One of the biggest issues in the housing industry is the lack of available homes that are attractive in terms of location, design, and price. When a borrower can’t find a home that meets these needs, they tend to postpone their purchase, sometimes indefinitely.
Renovation mortgages bundle together the cost of the home with additional funds for repairs, streamlining the payment process for the home buyer. Approved repairs can range from minor touch-ups to major enhancements such as a kitchen remodel, or the rehabilitation of properties which are in dire need of reconstruction.
One of the most popular programs for this type of mortgage is the FHA 203(k) loan. For the third year in a row, Homebridge has led the nation in FHA 203(k) renovation mortgages. Jamie Zeitz is a mortgage originator and the southeast renovation manager for Homebridge, and says that the awareness of renovation loans has increased across the real estate spectrum, from real estate agents to borrowers.
“These loans aren’t just for foreclosures or dilapidated properties. They are great for homes that are in desirable areas, but less than ideal condition in terms of amenities and design. Renovation mortgages are perfect for homes coming from estate sales, or are being sold by older homeowners who want to downsize,” Zeitz said. “You can’t change a home’s location or school district, but a reno loan can change the home.”
Borrowers are also often up against investors when it comes to finding affordable properties in desirable locations. 203(k) loans can help borrowers compete against other borrowers as well as investors.
“Established investors want to put as little effort as possible into their acquisition, and often have the resources to outbid first-time buyers on new construction and other the desirable homes on the market,” Zeitz said.
Benefits extend beyond the first-time homebuyers. Zeitz has noticed a rising interest in Fannie Mae HomeStyle renovation loans with move-up buyers. Just like with new buyers, many existing borrowers have realized that the ideal move-in ready home is a bit out of reach, but with a renovation mortgage, they can make the jump up.
Despite the increased interest, Zeitz doesn’t think that mortgage originators are aren’t representing the product well enough to their clients, particularly in markets where the focus is on new construction. The truth is that for all the interest and talk about renovating, the interest in these products vary based on market conditions.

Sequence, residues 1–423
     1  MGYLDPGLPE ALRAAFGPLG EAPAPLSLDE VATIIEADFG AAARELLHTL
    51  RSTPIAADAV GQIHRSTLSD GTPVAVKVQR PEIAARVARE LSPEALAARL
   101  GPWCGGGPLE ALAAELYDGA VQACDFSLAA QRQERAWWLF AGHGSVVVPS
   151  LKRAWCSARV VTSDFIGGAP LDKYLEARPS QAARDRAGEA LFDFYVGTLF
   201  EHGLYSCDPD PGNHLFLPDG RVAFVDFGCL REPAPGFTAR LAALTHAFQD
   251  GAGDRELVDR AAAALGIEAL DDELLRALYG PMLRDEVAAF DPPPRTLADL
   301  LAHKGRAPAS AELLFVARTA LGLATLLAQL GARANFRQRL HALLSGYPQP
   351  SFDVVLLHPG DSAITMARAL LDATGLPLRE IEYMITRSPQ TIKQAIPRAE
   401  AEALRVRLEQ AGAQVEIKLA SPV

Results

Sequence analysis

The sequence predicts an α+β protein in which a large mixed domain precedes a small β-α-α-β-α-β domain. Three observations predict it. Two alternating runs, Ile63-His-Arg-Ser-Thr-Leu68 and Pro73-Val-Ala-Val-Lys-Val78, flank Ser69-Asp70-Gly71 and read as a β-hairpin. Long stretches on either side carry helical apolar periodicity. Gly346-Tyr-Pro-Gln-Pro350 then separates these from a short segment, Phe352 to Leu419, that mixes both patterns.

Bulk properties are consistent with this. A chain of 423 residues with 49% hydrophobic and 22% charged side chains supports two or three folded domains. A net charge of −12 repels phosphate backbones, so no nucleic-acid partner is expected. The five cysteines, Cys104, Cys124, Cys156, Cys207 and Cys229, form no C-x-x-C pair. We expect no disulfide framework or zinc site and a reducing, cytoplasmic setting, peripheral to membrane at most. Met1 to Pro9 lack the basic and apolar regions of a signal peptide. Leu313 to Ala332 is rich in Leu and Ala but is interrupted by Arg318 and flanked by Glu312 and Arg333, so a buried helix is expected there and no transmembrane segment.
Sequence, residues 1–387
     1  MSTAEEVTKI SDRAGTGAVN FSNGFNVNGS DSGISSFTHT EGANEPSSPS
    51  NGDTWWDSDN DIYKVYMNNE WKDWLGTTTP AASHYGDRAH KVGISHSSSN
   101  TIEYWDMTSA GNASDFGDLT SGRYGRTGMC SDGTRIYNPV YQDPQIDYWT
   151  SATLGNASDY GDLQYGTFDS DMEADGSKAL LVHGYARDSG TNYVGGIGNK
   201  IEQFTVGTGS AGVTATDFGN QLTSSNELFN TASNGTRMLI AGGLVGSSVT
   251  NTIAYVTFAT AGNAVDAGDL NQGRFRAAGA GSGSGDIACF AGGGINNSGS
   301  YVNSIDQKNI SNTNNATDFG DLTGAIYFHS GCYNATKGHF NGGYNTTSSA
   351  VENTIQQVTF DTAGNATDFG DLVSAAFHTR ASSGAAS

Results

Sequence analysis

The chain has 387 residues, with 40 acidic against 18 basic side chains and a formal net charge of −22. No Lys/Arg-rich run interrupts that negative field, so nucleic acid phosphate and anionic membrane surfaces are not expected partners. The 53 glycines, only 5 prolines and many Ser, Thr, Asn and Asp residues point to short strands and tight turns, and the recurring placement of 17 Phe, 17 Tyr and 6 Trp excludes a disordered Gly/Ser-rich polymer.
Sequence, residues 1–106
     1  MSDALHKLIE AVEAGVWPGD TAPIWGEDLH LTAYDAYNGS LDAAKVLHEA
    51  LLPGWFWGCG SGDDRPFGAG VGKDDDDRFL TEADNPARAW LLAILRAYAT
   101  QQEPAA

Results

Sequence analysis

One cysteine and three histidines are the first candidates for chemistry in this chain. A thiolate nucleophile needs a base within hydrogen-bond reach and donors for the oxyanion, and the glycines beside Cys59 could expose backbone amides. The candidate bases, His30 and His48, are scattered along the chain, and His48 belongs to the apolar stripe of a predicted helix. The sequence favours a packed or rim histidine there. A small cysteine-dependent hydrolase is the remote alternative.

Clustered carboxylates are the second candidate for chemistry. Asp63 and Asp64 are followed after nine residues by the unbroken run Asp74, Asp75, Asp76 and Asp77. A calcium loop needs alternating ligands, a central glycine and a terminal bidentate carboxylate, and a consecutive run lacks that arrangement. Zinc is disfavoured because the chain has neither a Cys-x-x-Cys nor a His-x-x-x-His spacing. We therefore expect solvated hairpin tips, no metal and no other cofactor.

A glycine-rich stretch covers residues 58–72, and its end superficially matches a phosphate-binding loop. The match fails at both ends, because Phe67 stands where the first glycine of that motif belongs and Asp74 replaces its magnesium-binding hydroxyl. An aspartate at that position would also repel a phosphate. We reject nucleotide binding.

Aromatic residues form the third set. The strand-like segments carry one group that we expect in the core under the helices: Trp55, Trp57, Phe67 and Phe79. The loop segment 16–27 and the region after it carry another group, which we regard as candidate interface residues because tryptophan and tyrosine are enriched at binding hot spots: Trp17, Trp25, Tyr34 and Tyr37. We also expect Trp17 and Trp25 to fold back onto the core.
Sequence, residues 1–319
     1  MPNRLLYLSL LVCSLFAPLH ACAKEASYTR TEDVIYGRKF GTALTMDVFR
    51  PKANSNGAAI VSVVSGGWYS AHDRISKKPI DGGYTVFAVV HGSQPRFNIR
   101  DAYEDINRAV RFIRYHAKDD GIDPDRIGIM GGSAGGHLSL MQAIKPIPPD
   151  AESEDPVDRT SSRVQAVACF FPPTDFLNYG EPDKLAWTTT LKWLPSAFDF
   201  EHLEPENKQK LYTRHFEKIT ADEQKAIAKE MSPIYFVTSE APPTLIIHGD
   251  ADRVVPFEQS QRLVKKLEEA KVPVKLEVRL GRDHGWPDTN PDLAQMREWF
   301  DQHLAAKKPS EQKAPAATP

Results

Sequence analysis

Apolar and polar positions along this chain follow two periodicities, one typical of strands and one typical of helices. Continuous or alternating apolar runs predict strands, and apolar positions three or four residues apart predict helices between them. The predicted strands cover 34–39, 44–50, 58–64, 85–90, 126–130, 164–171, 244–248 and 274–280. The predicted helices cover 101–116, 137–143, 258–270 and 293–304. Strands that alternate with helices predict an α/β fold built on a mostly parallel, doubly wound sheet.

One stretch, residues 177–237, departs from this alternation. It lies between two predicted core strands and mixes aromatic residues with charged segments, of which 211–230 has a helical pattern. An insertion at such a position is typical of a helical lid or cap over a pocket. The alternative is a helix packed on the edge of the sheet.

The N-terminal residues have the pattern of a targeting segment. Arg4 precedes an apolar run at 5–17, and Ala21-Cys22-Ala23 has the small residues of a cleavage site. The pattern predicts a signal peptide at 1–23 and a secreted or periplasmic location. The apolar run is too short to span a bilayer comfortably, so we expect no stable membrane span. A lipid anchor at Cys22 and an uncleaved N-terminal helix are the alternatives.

“In some regions, we’re experiencing a resurgence in new constriction, so many lenders are shifting their focus to the low-hanging fruit. New construction opportunities aren’t always there, so if you put all your efforts into one area, you may very well come up short later,” Zeitz said.
An originator’s job would be much easier if they could only focus on new construction and refis and offer their clients the simplest loans to originate. Those aren’t necessarily the products that give the client the most value, however. They also aren’t necessarily the products that position the originator as being an expert in the space and providing added value to the transaction.
“If you want to set yourself apart professionally, you need to provide a high level of service to your customers, and that includes offering more than just cookie-cutter options,” Zeitz said. “It takes a very knowledgeable agent to not just mention these loans exist when showing homes to buyers, but also explain how they work. They need to be creative and able to explain how these loans work. Simply saying, ‘these mortgages are great for fixer-uppers,’ just won’t cut it.”
Originators who have deep relationships with their real estate partners help them get more business by educating them about renovation loans. Empowering the agent to understand the power of these products leads to agents who empower borrowers, and who can convey the true possibilities when they’re out viewing properties with buyers.
Zeitz said that his team actively hosts educational events on renovation products, and adds that there’s no reason why a real estate agent or an originator should not proactively be offering renovation products to their customers if a home may need minor or significant improvements.
“There is a lot of value to be had in being able to offer customers renovation products and deliver them as seamlessly as we would a less complicated loan. It takes effort on behalf of the lender, but that is the difference between acting as a resource for your customers, and just showing up each day to push paper,” Zeitz said.